Wednesday, December 12, 2012

The Chief Creativity Officer

In my past posts, I have discussed how companies can think strategically about innovation, generate a plan for kickstarting innovation, get in a creative mindset, and bring on the right people.  The question that remains, however, is who should manage innovation in the company.

(Photo: Sean MacEntee)
I have read multiple tales of companies who have Chief Innovation Officers (CINOs), but  a recent study shows that CINO efforts tend to fall short.  By definition, CINOs focus on breakthrough innovation, and are primed to identify and manage opportunities in that realm.  I want to suggest a departure from that model and propose a different position with a different set of responsibilities: The Chief Creativity Officer (CCO)[1].

Importantly, the creation of a CCO gets creativity and innovation in the C-suite right from the start[2], and provides innovation endeavors with a champion in upper management and the chance for an operating budget to support creative works.  Using this high-level position, the CCO can initialize firm/division/department-wide endeavors to promote innovation, including conventions, retreats, brainstorming sessions[3], and FedEx Days (now called ShipIt Days).

But, in addition to interfacing with senior management, the CCO needs to interface with two other groups: human resources and the employees themselves.  On the HR side, the CCO needs to keep abreast of employee engagement[4], workforce planning (hiring talent), and promoting a strong company culture[5] that promotes opportunities for innovation.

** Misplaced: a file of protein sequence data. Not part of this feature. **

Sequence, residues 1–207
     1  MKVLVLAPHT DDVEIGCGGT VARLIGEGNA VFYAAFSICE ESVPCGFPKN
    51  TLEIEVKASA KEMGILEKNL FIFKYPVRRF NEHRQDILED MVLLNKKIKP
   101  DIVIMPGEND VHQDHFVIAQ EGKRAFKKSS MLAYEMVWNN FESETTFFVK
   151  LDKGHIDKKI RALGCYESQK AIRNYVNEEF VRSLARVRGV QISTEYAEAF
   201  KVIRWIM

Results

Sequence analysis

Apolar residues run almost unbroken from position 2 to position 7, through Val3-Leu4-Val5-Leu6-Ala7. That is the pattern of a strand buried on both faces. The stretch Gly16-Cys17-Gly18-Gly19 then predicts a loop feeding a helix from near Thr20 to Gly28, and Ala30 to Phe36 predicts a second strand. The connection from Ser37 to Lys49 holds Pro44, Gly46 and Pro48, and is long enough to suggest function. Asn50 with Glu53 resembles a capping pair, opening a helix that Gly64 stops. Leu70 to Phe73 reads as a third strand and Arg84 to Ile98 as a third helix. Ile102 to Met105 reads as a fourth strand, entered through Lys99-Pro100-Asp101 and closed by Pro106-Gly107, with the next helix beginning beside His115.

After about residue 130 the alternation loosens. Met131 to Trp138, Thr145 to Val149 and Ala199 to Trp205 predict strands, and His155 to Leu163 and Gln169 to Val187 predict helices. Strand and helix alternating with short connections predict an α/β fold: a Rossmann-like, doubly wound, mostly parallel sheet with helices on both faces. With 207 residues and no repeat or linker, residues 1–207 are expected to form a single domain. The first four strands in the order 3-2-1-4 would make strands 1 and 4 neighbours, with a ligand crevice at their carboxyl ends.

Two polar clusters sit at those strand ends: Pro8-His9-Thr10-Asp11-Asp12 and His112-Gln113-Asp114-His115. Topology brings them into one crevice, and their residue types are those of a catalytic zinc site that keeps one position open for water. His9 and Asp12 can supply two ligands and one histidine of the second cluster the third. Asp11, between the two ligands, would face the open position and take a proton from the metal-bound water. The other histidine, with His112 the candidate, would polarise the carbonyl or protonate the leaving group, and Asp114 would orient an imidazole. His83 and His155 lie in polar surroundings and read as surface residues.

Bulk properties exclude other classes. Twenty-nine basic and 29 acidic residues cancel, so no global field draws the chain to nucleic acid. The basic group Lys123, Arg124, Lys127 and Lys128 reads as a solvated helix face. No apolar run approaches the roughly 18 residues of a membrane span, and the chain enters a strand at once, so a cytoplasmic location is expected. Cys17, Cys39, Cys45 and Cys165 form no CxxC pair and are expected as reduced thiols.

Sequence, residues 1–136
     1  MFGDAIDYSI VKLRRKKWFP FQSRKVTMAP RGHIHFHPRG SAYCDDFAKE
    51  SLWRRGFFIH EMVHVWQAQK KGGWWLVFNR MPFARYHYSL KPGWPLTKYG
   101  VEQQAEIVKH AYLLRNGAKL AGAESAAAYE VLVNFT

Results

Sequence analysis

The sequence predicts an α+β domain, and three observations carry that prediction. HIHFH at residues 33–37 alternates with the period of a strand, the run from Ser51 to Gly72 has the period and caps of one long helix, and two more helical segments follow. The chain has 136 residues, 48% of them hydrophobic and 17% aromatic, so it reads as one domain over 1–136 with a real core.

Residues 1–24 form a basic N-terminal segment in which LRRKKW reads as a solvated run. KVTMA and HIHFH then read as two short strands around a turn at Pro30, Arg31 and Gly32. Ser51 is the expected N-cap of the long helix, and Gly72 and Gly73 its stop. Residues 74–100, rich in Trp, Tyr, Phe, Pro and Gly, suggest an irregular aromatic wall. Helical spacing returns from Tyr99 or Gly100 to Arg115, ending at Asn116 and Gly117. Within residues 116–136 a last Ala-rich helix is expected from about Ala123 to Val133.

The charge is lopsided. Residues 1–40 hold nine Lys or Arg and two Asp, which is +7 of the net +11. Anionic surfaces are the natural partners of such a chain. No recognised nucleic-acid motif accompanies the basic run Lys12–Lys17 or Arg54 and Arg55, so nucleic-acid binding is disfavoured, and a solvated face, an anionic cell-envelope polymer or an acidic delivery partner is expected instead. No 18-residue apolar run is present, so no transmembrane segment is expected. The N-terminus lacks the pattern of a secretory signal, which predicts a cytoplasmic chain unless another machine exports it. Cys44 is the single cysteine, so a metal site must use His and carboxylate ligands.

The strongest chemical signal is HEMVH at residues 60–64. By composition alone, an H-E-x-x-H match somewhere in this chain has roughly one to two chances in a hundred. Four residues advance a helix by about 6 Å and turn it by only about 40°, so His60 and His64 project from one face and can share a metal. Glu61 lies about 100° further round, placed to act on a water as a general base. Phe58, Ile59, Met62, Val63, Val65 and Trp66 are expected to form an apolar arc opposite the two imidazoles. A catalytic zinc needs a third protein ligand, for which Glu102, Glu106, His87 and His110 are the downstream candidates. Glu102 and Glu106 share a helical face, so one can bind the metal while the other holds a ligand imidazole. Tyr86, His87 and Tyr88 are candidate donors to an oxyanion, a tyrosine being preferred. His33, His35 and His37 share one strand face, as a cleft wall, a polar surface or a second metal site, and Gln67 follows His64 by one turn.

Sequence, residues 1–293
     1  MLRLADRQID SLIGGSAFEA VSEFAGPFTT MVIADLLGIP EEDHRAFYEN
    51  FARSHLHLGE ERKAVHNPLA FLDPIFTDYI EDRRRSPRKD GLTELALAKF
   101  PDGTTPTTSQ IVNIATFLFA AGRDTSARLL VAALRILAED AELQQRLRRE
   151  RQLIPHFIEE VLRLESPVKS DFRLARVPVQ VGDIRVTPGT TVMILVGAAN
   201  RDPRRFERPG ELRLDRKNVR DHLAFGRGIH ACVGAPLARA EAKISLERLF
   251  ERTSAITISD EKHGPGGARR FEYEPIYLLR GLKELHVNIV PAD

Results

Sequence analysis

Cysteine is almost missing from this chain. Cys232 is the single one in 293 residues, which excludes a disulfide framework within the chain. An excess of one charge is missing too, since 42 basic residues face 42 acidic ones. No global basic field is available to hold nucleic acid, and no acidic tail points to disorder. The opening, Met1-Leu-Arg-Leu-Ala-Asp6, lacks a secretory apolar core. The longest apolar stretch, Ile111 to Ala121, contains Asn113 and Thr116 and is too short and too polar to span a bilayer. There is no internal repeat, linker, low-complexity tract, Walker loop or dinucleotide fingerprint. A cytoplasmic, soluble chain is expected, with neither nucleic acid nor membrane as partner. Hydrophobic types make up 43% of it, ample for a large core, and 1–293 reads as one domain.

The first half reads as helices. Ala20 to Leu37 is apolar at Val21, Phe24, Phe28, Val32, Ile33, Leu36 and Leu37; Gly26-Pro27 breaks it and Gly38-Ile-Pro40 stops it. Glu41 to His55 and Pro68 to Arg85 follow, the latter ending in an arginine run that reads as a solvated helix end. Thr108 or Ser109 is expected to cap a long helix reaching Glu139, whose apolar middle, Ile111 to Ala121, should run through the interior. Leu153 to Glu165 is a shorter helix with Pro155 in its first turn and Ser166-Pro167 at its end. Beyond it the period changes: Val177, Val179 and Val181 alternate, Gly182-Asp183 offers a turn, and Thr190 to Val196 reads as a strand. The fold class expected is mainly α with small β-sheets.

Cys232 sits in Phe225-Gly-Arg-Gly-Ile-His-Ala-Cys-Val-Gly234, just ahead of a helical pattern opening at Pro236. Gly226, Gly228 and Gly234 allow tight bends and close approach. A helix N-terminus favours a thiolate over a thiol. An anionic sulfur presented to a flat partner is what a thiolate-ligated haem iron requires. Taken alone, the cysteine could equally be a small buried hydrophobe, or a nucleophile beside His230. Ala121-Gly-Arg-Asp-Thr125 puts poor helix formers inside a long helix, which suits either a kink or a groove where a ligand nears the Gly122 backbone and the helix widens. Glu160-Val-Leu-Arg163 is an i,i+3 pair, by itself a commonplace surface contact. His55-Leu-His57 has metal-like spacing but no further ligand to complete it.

Rather than getting into the intricate details of these matters, the CCO takes the 50,000-foot view on making sure that employees are not just passionate about their work, but working in a company that promotes passion.  The CCO also works with the head of HR to lay out the important features to seek out in future hires, and to promote in current employees (and the double-entendre of "promote" is intentional!).

While the head of HR is meant to be the person who deals with general workforce planning and employee issues on a day-to-day basis, the CCO still needs to be in the trenches constantly to get an understanding of where creativity and innovation can and cannot flow freely.  For example, this involves inviting employees to meetings to get a clear picture of how well management is facilitating the company culture and enabling employees to do their best work and seek out innovations[6].  For another example, CCO's can modify company policies and procedures to help do things like streamline workflows, give employees the resources and training they need[7], and help management keep employees happy[8].

Ultimately, the idea is to make sure that employees are able to use their creative capacities on the job both in terms of the day-to-day tasks that they do and the new ideas they are capable of generating.

Perhaps doing this many tasks seems a bit much for one person's job, but that's exactly the point!  In most companies, the tasks that a CCO should be performing are usually done halfway or not at all by lower-level people who have limited authority in the firm.  Instead of this, there should be someone whose full-time job is making sure that the company is optimally poised to be creative and innovative.  As has been noted throughout the FEI Blog, innovation must be a firm-wide endeavor that extends through the C-suite to every employee in the company.  As such, there needs to be someone to manage the entire process, namely the Chief Creativity Officer.